|Numéro de publication||US5540161 A|
|Type de publication||Octroi|
|Numéro de demande||US 08/521,120|
|Date de publication||30 juil. 1996|
|Date de dépôt||29 août 1995|
|Date de priorité||29 août 1995|
|État de paiement des frais||Caduc|
|Numéro de publication||08521120, 521120, US 5540161 A, US 5540161A, US-A-5540161, US5540161 A, US5540161A|
|Inventeurs||Roy E. Schroeder, Jr.|
|Cessionnaire d'origine||Quick Technologies, Inc.|
|Exporter la citation||BiBTeX, EndNote, RefMan|
|Citations de brevets (3), Référencé par (1), Classifications (5), Événements juridiques (4)|
|Liens externes: USPTO, Cession USPTO, Espacenet|
This invention relates to sewing apparatus, primarily industrial apparatus employing sewing machines, and in particular to a sandwich synchronizer for interposition between a sewing machine and a rotary encoder used by the sewing machine motor to generate a sequence of pulses as the sewing machine is utilized.
In sewing apparatus, and in particular in industrial sewing apparatus, sewing progresses at a high rate of speed. The sewing apparatus is provided with a motor to drive its sewing mechanism, and typically includes a handwheel extending from and comprising part of a rotatable drive shaft of the sewing apparatus. A rotary encoder having an encoder assembly is attached to the drive shaft for generating a series of pulses as the drive shaft is rotated. There are a number of manufacturers of industrial sewing apparatus, and each produces a rotary encoder different from the other. There is no common rotary encoder or common protocol for output from the rotary encoder, and each manufacturer therefore produces a proprietary design having a unique output.
When the rotation of the drive shaft of the sewing apparatus is to be used for other purposes, such as aiding the determination of a skipped stitch, helping in detecting other stitching irregularities, or simply providing the positioning of the sewing head of the sewing apparatus, the output of the rotary encoder must be translated in some manner to be compatible for the intended purpose. If there were a universal means of determining the speed, direction and position of the drive shaft for the sewing apparatus, regardless of the type of motor or manufacturer, that would be a significant improvement from what is presently available.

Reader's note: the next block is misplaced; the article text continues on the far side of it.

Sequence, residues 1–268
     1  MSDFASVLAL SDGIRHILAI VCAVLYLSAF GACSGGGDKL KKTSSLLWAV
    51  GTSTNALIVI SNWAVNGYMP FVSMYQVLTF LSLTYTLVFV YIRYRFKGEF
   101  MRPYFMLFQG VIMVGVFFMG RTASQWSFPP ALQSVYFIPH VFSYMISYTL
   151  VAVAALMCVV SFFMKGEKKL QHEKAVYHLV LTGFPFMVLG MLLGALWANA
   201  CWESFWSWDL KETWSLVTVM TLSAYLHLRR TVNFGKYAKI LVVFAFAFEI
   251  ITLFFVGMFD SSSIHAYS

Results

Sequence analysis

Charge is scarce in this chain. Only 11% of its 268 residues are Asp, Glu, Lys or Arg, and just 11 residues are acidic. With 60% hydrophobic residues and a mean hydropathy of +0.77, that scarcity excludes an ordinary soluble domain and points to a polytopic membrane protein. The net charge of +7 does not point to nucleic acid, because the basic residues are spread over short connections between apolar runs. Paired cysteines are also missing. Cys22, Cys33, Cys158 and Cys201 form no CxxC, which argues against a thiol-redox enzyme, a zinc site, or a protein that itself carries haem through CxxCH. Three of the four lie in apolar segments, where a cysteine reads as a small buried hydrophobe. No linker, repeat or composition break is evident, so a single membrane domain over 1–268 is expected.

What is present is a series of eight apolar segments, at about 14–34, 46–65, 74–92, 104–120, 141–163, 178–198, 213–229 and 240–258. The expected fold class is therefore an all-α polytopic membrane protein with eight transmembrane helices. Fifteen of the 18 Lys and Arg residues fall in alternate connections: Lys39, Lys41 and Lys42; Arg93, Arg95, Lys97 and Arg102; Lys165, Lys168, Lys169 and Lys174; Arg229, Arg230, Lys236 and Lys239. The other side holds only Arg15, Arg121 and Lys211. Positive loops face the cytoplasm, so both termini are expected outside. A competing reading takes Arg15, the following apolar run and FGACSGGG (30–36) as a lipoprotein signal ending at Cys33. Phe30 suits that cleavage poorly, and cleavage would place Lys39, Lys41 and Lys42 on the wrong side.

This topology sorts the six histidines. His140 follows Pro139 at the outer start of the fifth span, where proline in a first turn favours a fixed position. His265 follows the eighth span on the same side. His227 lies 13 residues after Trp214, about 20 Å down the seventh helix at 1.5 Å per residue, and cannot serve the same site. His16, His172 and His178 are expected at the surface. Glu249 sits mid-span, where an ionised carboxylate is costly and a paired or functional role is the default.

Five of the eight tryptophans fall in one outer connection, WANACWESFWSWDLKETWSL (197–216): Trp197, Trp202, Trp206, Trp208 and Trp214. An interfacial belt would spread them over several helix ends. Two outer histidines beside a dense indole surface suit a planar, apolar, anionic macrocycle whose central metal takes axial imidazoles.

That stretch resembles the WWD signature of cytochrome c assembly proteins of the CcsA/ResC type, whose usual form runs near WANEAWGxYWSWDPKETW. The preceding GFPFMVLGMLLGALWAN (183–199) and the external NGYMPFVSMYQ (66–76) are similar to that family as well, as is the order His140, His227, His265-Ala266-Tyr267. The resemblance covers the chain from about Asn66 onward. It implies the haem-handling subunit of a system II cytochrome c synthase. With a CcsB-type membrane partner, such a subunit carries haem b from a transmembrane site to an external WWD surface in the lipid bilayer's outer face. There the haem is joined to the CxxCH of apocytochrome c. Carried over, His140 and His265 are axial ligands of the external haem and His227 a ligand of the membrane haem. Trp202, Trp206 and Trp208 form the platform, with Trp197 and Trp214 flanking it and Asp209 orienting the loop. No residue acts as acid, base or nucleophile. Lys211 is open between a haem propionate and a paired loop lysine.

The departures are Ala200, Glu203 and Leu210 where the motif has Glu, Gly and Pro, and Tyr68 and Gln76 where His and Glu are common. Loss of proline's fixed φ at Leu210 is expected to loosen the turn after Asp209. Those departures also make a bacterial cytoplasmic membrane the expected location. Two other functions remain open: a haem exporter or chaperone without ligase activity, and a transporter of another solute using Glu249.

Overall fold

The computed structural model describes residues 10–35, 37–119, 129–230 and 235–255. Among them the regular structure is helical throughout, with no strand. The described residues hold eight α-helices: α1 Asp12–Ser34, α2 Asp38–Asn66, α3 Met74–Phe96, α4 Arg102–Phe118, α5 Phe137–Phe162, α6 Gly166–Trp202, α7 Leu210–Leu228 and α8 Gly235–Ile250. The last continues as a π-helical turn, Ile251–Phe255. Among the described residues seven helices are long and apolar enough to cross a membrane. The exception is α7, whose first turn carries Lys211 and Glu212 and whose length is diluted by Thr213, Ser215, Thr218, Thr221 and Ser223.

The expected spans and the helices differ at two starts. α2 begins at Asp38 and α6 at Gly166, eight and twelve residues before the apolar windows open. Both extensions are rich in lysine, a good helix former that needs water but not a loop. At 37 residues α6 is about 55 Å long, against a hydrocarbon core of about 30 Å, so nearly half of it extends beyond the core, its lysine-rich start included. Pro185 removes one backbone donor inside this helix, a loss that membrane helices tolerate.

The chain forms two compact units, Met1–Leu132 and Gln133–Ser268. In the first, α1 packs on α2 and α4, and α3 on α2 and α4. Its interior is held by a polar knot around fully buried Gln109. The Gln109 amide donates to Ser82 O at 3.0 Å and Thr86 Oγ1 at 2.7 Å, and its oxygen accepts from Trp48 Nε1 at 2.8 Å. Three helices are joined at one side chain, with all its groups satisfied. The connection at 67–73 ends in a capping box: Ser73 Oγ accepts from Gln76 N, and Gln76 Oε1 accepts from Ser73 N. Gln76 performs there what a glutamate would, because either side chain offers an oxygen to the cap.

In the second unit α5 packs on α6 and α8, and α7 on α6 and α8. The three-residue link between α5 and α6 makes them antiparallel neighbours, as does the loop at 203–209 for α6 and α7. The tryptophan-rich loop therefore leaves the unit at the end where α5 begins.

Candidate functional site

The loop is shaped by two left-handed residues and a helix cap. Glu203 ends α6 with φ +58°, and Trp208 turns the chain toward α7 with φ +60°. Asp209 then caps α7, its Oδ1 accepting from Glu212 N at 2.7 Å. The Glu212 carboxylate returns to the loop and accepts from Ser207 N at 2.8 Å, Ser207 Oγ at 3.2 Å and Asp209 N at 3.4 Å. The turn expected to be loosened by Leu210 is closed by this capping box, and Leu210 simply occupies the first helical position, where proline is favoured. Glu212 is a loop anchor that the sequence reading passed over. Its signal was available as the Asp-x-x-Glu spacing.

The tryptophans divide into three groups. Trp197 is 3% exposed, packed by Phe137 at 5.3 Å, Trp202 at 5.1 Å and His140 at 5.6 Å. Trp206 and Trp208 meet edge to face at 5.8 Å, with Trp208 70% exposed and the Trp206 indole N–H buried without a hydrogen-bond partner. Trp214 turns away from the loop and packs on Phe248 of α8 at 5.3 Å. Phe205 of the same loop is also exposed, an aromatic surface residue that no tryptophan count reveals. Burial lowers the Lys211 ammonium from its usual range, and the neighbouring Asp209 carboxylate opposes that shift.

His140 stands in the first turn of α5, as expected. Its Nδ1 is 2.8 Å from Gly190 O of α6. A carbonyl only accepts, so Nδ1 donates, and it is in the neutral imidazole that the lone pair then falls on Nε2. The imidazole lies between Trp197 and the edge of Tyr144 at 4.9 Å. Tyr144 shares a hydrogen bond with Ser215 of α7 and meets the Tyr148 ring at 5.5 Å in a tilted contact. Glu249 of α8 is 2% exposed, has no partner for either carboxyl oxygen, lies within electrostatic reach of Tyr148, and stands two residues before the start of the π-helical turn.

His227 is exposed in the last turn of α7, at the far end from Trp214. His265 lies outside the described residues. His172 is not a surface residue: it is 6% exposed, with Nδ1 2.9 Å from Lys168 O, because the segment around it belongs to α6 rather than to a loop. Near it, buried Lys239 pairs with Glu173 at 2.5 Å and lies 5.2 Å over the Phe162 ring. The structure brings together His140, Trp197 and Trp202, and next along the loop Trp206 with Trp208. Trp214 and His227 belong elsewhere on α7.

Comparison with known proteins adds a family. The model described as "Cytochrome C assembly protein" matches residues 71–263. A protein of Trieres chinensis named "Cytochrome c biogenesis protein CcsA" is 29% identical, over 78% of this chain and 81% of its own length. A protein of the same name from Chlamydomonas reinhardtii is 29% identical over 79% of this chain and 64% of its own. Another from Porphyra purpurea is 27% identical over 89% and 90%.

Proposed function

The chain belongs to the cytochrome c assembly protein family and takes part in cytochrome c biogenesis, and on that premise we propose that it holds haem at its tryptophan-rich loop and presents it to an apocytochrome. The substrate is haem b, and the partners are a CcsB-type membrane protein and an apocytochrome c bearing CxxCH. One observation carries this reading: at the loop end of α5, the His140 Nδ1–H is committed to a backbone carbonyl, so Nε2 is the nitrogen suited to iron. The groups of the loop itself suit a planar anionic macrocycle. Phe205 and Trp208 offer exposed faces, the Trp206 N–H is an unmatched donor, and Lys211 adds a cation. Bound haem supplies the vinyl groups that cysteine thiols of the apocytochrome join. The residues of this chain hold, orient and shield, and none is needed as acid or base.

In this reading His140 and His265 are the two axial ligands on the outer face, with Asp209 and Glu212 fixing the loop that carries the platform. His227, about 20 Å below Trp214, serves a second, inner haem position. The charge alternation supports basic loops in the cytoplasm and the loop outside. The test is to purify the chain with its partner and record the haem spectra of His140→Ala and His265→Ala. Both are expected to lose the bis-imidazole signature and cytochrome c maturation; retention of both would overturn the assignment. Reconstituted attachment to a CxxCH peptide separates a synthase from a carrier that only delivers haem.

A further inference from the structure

The invention is used in a sewing apparatus having a motor for driving means for sewing fabrics and the like. The motor drives a rotatable drive shaft for a sewing machine head, and the apparatus includes a rotary encoder having an encoder assembly attached to the drive shaft for generating a series of pulses as the drive shaft is rotated. In accordance with the invention, a sandwich synchronizer is provided for interposition between the drive shaft and the encoder. The sandwich synchronizer comprises a housing, a rotatable synchronizer shaft mounted in the housing, and means within the housing for detecting rotation of the synchronizer shaft. Means is provided at one end of the synchronizer shaft for attachment to the rotary encoder, and means is provided at the other end of the synchronizer shaft for attachment to the drive shaft.
In accordance with the preferred form of the invention, for attachment to the rotary encoder, an annular disc is secured to the synchronizer shaft. The disc can be removable so that varying sizes can be employed, depending on the size of the rotary encoder being accommodated.
For attachment to the drive shaft of the sewing apparatus, the opposite end of the synchronizer shaft includes an annular cap. At least one set screw is provided in the cap for securing the cap to the drive shaft.
The invention is described in greater detail in the following description of an example embodying the best mode of the invention, taken in conjunction with the drawing figures, in which:
FIG. 1 is a perspective view illustrating a sandwich synchronizer according to the invention, when interposed between a rotary encoder and a drive shaft,
FIG. 2 is an enlarged elevational view of a sandwich synchronizer according to the invention,
FIG. 3 is a side view thereof, taken along lines 3--3 of FIG. 2, and
FIG. 4 is a cross-sectional view, taken along lines 4--4 of FIG. 3, and also illustrating, in cross-section, the handwheel of a sewing machine to which the sandwich synchronizer has been attached.